Help Construct a Primate Conservation Center at PTWRC

Rescued Yellow-Cheeked Gibbon at PTWRC

Rescued Yellow-Cheeked Gibbon at PTWRC

The primary purpose of Phnom Tamao Wildlife Rescue Center (PTWRC) is to provide rescued wildlife with a safe and happy home to recover. PTWRC currently rehabilitates and cares for different species of primates such as gibbons, lorises, langurs, and macaques. Several of these species are classified by IUCN as Near Threatened, Vulnerable, or Endangered and all have decreasing population trends in the wild. In Cambodia, 9 out of the 10 primate species are either Endangered or Threatened. Primate populations in Cambodia continue to dwindle due to habitat destruction and hunting. Unless we get the local communities actively engaged in protecting them, we are sure to lose these primates forever.

PTWRC has incredible educational potential; it offers the opportunity for visitors to develop meaningful connections with animals rescued from the illegal wildlife trade, which ultimately inspires them to create a better future for wildlife. With around 300,000 visitors every year, the Rescue Center is an ideal outlet to increase awareness of the illegal wildlife trade and be Cambodia’s leading center for conservation education.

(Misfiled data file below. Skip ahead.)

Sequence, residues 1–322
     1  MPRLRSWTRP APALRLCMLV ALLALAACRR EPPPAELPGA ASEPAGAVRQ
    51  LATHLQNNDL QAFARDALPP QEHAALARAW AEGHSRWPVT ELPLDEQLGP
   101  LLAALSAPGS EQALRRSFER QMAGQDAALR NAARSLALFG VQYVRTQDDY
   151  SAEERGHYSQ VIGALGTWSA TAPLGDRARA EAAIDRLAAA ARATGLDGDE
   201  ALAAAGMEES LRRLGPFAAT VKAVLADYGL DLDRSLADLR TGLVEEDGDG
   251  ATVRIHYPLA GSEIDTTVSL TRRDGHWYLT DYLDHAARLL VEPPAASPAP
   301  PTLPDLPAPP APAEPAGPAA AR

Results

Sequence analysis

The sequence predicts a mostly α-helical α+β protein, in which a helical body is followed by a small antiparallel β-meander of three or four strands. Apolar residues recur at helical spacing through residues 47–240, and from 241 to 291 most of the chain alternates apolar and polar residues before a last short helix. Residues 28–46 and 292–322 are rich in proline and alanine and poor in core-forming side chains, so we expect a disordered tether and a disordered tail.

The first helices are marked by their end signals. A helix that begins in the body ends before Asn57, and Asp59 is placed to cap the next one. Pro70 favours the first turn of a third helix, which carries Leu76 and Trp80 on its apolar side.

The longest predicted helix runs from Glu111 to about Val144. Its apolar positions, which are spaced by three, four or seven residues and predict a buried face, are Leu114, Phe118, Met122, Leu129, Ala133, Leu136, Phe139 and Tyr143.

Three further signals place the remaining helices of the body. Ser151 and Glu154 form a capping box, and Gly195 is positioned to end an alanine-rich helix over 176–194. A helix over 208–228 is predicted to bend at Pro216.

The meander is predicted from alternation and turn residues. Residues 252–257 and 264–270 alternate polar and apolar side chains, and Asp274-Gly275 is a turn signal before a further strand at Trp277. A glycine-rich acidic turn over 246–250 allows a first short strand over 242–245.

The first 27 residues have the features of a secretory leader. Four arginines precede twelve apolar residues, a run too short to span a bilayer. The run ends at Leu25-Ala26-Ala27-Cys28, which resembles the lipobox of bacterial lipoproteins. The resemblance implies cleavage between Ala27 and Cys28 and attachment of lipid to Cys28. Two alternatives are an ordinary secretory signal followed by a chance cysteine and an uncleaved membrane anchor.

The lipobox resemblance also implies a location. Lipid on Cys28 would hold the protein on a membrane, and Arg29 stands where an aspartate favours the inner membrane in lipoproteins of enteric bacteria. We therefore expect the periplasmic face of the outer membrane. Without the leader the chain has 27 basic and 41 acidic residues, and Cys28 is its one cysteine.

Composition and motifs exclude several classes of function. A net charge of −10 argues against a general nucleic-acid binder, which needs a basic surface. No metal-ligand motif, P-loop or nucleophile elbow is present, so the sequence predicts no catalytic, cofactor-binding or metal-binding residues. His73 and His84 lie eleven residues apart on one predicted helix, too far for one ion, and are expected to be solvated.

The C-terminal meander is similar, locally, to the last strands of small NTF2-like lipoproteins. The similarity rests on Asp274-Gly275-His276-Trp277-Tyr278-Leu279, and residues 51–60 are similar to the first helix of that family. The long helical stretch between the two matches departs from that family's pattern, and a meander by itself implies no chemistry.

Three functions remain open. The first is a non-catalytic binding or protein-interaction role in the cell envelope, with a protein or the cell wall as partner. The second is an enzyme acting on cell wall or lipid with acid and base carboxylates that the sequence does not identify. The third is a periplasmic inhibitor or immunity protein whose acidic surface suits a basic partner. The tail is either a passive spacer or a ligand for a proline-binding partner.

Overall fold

Wildlife Alliance is working to increase the outreach and educational component of the Center by constructing interactive and engaging Conservation Centers. The Primate Conservation Center will engage visitors in the unique life of Cambodian primates and the circumstances that brought them to the Center, informing them of the consequences of illegal hunting and the trade in wildlife, and what they can do to protect wildlife and wildlife habitat for the next generation. Visual and interactive educational materials will be shown in Khmer and English to maximize impact among diverse visitors.

Help construct Cambodia’s first Primate Conservation Center - $6,000 is needed to cover construction and $3,000 to provide education materials. Your gift will provide invaluable education to thousands of visitors each year, and promote the long term conservation of some of the most threatened primates in the world.